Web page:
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NEW YORK — Handpainted on canvas, vintage circus sideshow banners — some measuring up to 30 feet in width — were designed to titillate and shock circus-goers. A form of on-site advertising, they offered entry (for an additional fee, of course) to view sword swallowers, knife throwers, and fire eaters, as well as any number of hoaxes, such as “Alligator Girl” or P.T. Barnum’s infamous “Fejee Mermaid.”
Michael Papa, who co-wrote Painters of the Peculiar: a Guide to Sideshow Banner Artists & And Their Respective Work with sideshow artist Johnny Meah and runs the Sideshow Banner Exchange in upstate New York, said banners were meant to be ephemeral. Often, after years of wear and tear during a rough life on the road with circuses, they were simply discarded. Such banners only assumed status as a legitimate art form when teacher-turned-art dealer Carl Hammer, who was an early pioneer in folk and outsider art, began collecting and selling them in the early 1980s.
“Back in the day, this stuff was not considered art — it was basically advertising. The sad thing is most of these were destroyed because people just didn’t care. People would use them until they were torn up,” Papa said.
Two of the top names in sideshow art are Fred G. Johnson and Snap Wyatt. “Fred is probably the most prolific and most well-known, and had a very distinct style,” he said. “Snap Wyatt is definitely my favorite artist. A lot of collectors prefer Snap Wyatt just because there is an air of mystery about him.”
According to the website of the International Independent Showmen’s Museum in Riverview, Fla., Johnson is considered the most widely known sideshow banner painter in the history of the circus and sideshow world. He worked for the O. Henry Tent and Awning Company in Chicago for 40 years (1934–1974), which was renowned for its sideshow banners.
Each artist had his or her own style. Philadelphia-based Material Culture, which has auctioned several banners that Wyatt created for sideshow promoter Dick Best, noted, “In contrast to Fred Johnson’s pastoral/painterly banners, Wyatt’s banners have simpler backgrounds and exaggerated Coney Island-style black outlines, giving them a pop art comic book quality…”
When it comes to sideshow banners, both size and subject matter are important when considering value. Some collectors only seek out certain types of performers, or banners by specific artists. Many banners are 8 by 10 feet and are desirable owing to their manageable size. Larger ones can be challenging to display in the average home.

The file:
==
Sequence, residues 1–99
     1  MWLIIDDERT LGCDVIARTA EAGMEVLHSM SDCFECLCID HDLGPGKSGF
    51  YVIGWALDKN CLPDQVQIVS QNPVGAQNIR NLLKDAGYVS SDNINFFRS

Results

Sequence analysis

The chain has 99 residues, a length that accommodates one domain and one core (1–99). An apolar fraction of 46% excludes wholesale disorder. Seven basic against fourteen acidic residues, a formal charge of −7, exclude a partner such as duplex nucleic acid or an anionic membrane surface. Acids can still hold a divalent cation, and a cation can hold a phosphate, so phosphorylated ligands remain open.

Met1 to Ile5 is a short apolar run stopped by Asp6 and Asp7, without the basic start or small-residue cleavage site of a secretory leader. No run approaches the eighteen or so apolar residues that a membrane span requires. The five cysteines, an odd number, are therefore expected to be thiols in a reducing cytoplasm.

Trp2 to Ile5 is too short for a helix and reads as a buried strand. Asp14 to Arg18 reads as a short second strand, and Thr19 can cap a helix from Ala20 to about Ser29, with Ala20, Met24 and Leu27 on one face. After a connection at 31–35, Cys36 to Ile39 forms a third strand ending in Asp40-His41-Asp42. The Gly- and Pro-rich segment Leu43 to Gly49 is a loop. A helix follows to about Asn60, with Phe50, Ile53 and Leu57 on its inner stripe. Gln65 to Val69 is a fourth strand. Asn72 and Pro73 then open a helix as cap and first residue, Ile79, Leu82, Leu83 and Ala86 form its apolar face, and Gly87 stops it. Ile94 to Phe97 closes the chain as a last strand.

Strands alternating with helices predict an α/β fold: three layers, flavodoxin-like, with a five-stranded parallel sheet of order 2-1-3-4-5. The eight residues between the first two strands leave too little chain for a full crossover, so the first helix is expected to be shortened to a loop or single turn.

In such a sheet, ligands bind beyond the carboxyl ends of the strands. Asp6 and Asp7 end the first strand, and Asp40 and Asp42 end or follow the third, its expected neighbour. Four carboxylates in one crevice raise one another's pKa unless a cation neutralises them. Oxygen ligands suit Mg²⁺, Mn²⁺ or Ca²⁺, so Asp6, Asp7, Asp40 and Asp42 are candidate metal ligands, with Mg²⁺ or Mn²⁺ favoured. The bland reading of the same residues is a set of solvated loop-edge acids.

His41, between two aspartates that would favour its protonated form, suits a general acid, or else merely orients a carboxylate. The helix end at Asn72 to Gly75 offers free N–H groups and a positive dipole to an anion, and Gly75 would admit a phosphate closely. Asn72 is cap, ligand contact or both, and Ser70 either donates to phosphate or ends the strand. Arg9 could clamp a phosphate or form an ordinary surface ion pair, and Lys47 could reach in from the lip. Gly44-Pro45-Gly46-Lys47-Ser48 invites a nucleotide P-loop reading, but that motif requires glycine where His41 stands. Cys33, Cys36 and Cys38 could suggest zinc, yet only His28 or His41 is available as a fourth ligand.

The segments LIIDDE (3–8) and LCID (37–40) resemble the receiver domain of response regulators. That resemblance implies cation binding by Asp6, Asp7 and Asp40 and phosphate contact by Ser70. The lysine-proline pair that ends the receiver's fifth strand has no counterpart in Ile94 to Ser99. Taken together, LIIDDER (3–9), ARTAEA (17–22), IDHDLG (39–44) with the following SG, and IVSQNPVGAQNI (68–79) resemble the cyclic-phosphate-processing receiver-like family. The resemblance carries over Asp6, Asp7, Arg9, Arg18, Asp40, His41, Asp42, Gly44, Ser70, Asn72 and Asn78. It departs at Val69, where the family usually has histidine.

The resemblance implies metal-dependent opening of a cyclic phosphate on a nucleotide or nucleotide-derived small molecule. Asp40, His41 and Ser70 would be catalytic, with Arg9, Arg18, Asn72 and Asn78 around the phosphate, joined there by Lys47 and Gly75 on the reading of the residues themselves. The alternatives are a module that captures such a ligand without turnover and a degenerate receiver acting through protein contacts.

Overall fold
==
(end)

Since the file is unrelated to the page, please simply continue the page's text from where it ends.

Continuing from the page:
The heyday for collectible banners was around the middle of the 20th century. Papa said many early banners (circa 1890s-early 1900s) were boring, often touting mundane subject matter like pony shows. “It wasn’t until the 1950s and ’60s that they really started to get dramatic and exciting, [featuring] girly shows and torture shows. It went from boring to real sideshow attractions, and you can see that in the artwork.”
Antiques dealer Philip Gallant, owner of The Antique Circus in Baltimore, Maryland, said banners with tattooed men or women are among the most desirable. “In the past, a ‘tattoo’ poster was the one I’ve gotten the most money for, and I haven’t had another one in probably 10 years,” he said.
Today, collectors seem to be avoiding banners that depict people with physical deformities and instead are seeking examples that show performers or animal acts.
In his book, Freaks, Geeks and Strange Girls: Sideshow Banners of the Great American Midway, co-author and banner dealer Edward “Teddy” Varndell, addresses the dichotomy of sideshow banners highlighting the more peculiar acts that brought out both fascination and distaste among viewers. “While we must question the spectacles that these acts (re)presented, a contemporary view of banners allows us to view their creation more thoughtfully and grasp the sideshow in relation to the ever-present interplay between perceptions of ‘low’ and ‘high’ in our culture.”
Owing to the disposable nature of sideshow banners, which were hung on stages and tents, folded up, torn and then hastily mended (often with large needles and twine), they sustained ongoing wear and tear. As a result, most sideshow banners that have survived to modern day are in fair condition and not usually much better. “The majority of sideshow banners are not in a great state because they were not meant to survive … and if they were damaged in some way, they didn’t take the time to properly repair them,” Papa said. “I’ve seen so many banners like that, it just breaks my heart.”
Gallant said the price range for a decent, but not great, banner would be $1,800 to $3,500. New collectors should look not only at the subject matter but also the condition of the canvas and its hardware. “You want to look for the leather corners with the rings in them, that’s a good indication of the older ones or at least the ones used up until the 1970s and ’80s,” he said. “It’s hard to say how to get into it. I would just be choosy, I would say set a budget and pick what you like.”
Learn more about the history of sideshow banners and their artists in the book, Painters of the Peculiar, sponsored by the Sideshow Banner Exchange. Click here to purchase.